Tuesday, January 17, 2012

1/17/12 - The Sabbath Was Not Made For Man

Mark 2: 23-28

As Jesus was passing through a field of grain on the sabbath,
his disciples began to make a path while picking the heads of grain.
At this the Pharisees said to him,
"Look, why are they doing what is unlawful on the sabbath?"
He said to them,
"Have you never read what David did
when he was in need and he and his companions were hungry?
How he went into the house of God when Abiathar was high priest
and ate the bread of offering that only the priests could lawfully eat,
and shared it with his companions?"
Then he said to them,
"The sabbath was made for man, not man for the sabbath.
That is why the Son of Man is lord even of the sabbath."


Yesterday we saw the Pharisees question Jesus regarding fasting. Today we see them questioning him on how He treated the Sabbath. His response is pretty interesting and shows the disconnect that the Pharisees had worked themselves into.

I've often struggled a bit with this passage, trying to understand what it actually means. Apparently I'm not the only one. If you enter "Sabbath was made for man" into Google you'll find a lot of discussion of all sorts of issues, many of them conflicting with each other. Actually it's an interesting snapshot of how well-meaning people can attach differing meanings to the same message.

When that happens, I go to the Church. Here's what the Catechism of the Catholic Church (CCC) has to say:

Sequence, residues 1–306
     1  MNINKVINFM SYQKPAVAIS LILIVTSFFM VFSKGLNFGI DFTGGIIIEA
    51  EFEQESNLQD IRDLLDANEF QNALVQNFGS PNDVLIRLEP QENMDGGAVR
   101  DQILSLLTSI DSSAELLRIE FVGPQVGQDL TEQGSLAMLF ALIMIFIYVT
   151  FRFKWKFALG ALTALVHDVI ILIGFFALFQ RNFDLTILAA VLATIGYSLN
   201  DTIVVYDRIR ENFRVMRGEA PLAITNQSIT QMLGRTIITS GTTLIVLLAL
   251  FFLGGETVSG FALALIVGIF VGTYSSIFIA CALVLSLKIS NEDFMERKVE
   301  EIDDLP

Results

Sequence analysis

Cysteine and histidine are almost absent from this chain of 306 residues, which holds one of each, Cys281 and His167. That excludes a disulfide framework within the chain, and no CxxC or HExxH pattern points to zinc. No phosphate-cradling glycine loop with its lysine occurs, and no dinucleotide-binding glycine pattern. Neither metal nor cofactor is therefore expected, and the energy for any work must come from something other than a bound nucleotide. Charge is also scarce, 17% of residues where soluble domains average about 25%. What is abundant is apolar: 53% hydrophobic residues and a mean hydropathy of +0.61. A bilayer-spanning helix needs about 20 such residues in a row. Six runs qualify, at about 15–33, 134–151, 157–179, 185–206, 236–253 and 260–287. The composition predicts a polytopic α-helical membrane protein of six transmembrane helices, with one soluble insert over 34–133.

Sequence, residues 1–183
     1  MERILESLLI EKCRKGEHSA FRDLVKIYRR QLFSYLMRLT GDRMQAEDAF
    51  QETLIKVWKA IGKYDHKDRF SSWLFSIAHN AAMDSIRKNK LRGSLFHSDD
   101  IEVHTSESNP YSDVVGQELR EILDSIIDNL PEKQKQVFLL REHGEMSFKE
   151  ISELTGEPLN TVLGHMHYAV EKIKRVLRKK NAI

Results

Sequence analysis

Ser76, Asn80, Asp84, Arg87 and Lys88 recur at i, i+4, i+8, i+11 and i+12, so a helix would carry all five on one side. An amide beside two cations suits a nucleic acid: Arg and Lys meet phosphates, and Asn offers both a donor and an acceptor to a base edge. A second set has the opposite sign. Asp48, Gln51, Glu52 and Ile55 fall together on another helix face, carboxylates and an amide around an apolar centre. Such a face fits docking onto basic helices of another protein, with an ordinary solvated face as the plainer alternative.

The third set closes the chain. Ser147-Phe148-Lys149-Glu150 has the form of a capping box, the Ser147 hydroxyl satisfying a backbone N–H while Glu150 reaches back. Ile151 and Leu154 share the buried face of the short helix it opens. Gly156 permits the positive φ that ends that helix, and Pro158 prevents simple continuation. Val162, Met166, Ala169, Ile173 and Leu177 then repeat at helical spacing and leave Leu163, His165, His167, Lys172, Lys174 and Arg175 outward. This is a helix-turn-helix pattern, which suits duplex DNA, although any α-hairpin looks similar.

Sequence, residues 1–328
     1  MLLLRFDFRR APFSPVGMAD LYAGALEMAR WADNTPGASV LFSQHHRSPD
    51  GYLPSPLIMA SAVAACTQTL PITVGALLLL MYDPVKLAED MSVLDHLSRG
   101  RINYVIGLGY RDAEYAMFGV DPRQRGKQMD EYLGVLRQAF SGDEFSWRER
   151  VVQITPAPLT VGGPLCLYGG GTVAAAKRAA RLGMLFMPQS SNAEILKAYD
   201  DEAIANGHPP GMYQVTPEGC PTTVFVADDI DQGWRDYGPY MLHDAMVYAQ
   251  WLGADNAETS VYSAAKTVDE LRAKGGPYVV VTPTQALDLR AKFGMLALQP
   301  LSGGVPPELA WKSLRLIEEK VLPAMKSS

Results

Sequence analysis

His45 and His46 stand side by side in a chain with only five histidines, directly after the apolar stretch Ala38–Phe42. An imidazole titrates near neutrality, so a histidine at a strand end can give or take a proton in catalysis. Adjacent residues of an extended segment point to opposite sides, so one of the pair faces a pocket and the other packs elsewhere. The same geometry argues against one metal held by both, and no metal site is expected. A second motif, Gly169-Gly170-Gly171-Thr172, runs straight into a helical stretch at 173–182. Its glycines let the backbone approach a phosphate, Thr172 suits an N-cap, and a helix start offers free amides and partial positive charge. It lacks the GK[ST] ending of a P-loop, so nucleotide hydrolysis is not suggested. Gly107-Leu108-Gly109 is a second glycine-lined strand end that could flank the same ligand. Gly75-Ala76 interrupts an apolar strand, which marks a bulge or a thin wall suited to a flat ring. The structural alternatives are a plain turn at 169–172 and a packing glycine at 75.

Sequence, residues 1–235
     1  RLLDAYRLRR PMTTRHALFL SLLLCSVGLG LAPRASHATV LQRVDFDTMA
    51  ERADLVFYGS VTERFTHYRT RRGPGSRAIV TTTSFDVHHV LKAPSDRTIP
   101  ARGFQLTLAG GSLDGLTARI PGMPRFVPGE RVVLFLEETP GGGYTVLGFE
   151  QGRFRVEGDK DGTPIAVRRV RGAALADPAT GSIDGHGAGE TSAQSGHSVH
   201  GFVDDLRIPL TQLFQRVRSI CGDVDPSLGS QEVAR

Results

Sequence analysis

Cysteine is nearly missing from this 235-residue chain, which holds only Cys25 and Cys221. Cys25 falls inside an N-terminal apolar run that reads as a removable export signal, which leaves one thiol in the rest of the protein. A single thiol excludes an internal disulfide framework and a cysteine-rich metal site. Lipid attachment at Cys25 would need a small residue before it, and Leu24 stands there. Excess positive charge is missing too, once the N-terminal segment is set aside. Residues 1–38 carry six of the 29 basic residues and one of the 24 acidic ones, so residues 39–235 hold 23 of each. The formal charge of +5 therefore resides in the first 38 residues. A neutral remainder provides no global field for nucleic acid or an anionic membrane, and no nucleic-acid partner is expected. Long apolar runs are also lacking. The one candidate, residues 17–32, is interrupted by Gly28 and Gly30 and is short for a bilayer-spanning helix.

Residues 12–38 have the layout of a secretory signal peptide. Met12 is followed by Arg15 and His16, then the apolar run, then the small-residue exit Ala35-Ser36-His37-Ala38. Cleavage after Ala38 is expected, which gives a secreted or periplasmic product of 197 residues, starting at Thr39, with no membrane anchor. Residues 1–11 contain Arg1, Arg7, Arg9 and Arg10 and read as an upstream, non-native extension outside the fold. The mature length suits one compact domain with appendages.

2173 The Gospel reports many incidents when Jesus was accused of violating the sabbath law. But Jesus never fails to respect the holiness of this day. He gives this law its authentic and authoritative interpretation: "The sabbath was made for man, not man for the sabbath." With compassion, Christ declares the sabbath for doing good rather than harm, for saving life rather than killing. The sabbath is the day of the Lord of mercies and a day to honor God. "The Son of Man is lord even of the sabbath."


As the CCC says ... the sabbath was made for honoring God, and for doing good rather than harm. It was made for man's benefit, to set aside time to worship God away from the daily labors that exist. It was not meant to enslave man or to be hurdle between man and God. Man wasn't made for the purpose of observing the Sabbath. The Sabbath was given to man to help him remain with God.

PS - I got to this CCC reference by going to this website and typing in "Mark 2:23-28". This is an excellent resource.


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